In praise of Pine Cr. Reservoir, and its ‘road’
Pine Creek Reservoir is the best place in the Elkhorns.
It’s one of them, anyway.
I just gutted a tenet of grammar, I know. Best is a superlative adjective and thus, technically, bestows on its subject exclusivity.
The phrase “one of the best,” then, is colloquially appropriate but linguistically clumsy — cousin to another common construction, “very unique.” Something unique, by strict definition, is one of a kind — the “very” is implicit and thus superfluous.
I don’t care.
Well, I do care about grammar and its sometimes stuffy conventions, as anyone who writes ought to care about those matters.
But the thing about the Elkhorns is that they’re so rich in places of astounding beauty, and since I can’t visit any two of them simultaneously, it seems to me reasonable to brand the place I’m visiting as the best if, while I’m there, it feels that way.
We’re dealing in subjectives here, of course — personal taste, in other words. And since our tastes can change, in everything from flavors of ice cream to what constitutes a great novel or movie, I think we need to allow a certain malleability in our definitions of what’s best.
It seems to me unfair, and even a trifle silly, to demand consistency in such matters. If you asked me, for instance, to name my favorite Beatles song I might say on that day that it’s “Strawberry Fields Forever.”
Next month, though, it’s quite possible that I’ll have recently listened to “Sgt. Pepper’s” for the 1,724th time and that I’ll go with “A Day In The Life” instead.
My affinity for Pine Creek Reservoir, as for the Beatles, is a relationship of long standing.
My affection for the reservoir extends beyond the place itself and includes the road that leads to it.
Although I’ll concede that quite a lot of people would argue that by describing this route as a road I have not so much stretched the definition of “road” as ripped it apart.
But then people tend to be argumentative when they’ve just bashed in their oil pan or ground their rear differential into a mass of metal shavings.
Perhaps “trail” is more apt, with its connotation of a narrow path more appropriate for feet than for tires.
I’ll concede that the Elkhorns have several trails that are far smoother than the Pine Creek Road.
But I’ll defend my description of this as a road on the grounds that although you probably won’t want to, you can drive to Pine Creek Reservoir.
And in an actual rig — one with doors and a roof and an air-conditioner and everything.
The road is better suited for four-wheelers, to be sure. With their diminutive weight, balloon-like tires and supple suspension they don’t batter your kidneys the way a full-size SUV or pickup truck does regardless of how carefully, and slowly, you navigate the multiple boulder fields along the four miles or so between where the county stops maintaining the road, and the reservoir.
Or you can just walk.
Which is good for the lungs and the heart, and poses no risk to oil pans or other expensive machinery.
Simply put, Pine Creek Reservoir epitomizes the attribute of the Elkhorns I like most: flexibility.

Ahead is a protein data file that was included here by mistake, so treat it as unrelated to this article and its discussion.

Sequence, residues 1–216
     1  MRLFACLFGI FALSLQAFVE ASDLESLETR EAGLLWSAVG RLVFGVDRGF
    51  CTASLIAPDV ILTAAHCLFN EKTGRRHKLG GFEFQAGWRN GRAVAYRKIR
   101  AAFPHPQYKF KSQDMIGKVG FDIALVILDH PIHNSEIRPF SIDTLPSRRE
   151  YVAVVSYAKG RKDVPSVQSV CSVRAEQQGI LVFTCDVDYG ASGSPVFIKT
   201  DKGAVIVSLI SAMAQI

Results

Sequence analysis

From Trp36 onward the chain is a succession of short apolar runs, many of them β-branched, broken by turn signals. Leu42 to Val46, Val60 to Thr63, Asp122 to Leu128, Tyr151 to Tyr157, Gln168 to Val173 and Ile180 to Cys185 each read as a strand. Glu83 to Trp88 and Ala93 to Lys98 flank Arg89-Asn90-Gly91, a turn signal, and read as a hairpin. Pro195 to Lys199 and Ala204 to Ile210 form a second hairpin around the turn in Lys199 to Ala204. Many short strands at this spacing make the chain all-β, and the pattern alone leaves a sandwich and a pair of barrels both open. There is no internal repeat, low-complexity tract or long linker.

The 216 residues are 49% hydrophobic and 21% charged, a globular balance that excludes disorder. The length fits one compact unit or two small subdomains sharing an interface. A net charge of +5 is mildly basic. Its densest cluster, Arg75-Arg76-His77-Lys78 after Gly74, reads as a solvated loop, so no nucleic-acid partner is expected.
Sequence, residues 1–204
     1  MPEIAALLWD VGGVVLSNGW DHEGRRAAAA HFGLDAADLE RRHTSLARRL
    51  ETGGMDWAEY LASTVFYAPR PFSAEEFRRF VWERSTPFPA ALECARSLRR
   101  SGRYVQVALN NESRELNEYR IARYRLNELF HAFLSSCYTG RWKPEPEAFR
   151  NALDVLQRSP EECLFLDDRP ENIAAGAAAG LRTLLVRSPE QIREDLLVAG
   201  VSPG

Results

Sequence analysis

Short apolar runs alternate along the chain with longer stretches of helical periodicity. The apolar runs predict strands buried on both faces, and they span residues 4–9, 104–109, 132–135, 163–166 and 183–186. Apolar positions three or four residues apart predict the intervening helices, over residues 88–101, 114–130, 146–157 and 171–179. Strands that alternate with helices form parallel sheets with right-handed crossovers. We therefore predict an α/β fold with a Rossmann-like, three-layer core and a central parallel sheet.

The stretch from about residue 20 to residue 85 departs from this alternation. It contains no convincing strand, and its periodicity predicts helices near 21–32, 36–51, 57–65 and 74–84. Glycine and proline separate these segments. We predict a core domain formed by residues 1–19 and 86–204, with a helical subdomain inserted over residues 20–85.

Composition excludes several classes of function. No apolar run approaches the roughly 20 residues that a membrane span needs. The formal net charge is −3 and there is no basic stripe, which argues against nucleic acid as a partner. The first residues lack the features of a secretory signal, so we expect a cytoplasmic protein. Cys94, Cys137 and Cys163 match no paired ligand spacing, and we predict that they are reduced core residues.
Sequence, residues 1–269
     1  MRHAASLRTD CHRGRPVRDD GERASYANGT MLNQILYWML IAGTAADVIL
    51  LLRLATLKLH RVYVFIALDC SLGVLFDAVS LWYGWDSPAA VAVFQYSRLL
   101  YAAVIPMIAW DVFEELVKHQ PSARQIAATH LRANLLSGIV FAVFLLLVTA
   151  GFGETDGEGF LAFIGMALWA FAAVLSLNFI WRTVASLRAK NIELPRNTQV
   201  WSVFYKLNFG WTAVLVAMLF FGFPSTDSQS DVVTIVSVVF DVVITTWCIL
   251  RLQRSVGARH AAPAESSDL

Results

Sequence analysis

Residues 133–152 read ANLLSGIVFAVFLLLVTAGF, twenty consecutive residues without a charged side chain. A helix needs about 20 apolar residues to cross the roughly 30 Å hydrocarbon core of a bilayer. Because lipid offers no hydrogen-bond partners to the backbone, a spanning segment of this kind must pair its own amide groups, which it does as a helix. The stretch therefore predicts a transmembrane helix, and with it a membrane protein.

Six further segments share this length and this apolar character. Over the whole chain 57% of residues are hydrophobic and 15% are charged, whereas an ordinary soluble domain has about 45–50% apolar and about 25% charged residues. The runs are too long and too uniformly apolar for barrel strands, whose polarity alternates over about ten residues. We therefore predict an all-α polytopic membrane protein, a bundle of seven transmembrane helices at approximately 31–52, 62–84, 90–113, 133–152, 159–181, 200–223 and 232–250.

You can get there by pretty much any legal means — including, I suppose, by helicopter or jetpack, although few of us own either type of aircraft.
When you get to the reservoir you can fish or camp or watch mountain goats gambol across the great east wall of Rock Creek Butte, highest peak in the range at 9,106 feet.
Or you can follow the increasingly wretched road to the head of the basin and then climb over the limestone fin to Cougar Basin or Rock Creek Lake.
Pine Creek Reservoir feels to me as a wilderness ought to feel. What I mean is that the sylvan beauty seems a veneer over the cold, hard, impersonal thing that is nature.
You can see it in the swathes of subalpine firs just northeast of the reservoir, all of them either bent or snapped at mid-trunk by a winter avalanche that nobody saw.
You can sense its awesome power in the sedimentary cliffs that shed boulders on no schedule.
Yet this is a wilderness more accessible than those which have the blessing of Congress and the president.
I relish those “official” wilderness areas, too. I think the Eagle Cap, a wilderness bigger than Multnomah County, is as vital to the character of Northeastern Oregon as the Elkhorns are.
But I believe this would be a lesser place were all wild areas managed as the Eagle Cap is — which is to say, places where motor vehicles, and even bicycles, are outlawed.
We’re lucky, of course, that among the Elkhorns and the Wallowas (and the Strawberrys and the Greenhorns and Hells Canyon) there is ample space for both kinds of wilderness.
I like that I can test my tendons trying to get to the top of Sacajawea, highest peak in the Wallowas, and test my 10-ply tires on the way to Pine Creek Reservoir.
The terms “multiple use” and “land of many uses” once were ubiquitous but it seems to me the Forest Service, BLM and other agencies have grown slightly ashamed of those monikers, perhaps because those “uses” include cutting trees and digging up minerals.
Which are not only uses, but also useful.
But I think those terms still resonate, and that we ought to celebrate what they represent — the idea that these vast lands that ostensibly belong to all 319 million Americans ought to be managed with the same goal of diversity that our society strives for in other arenas such as employment and education and marriage.
We’re lucky to have places such as Pine Creek Reservoir — and the “roads” that lead to them.
Jayson Jacoby is editor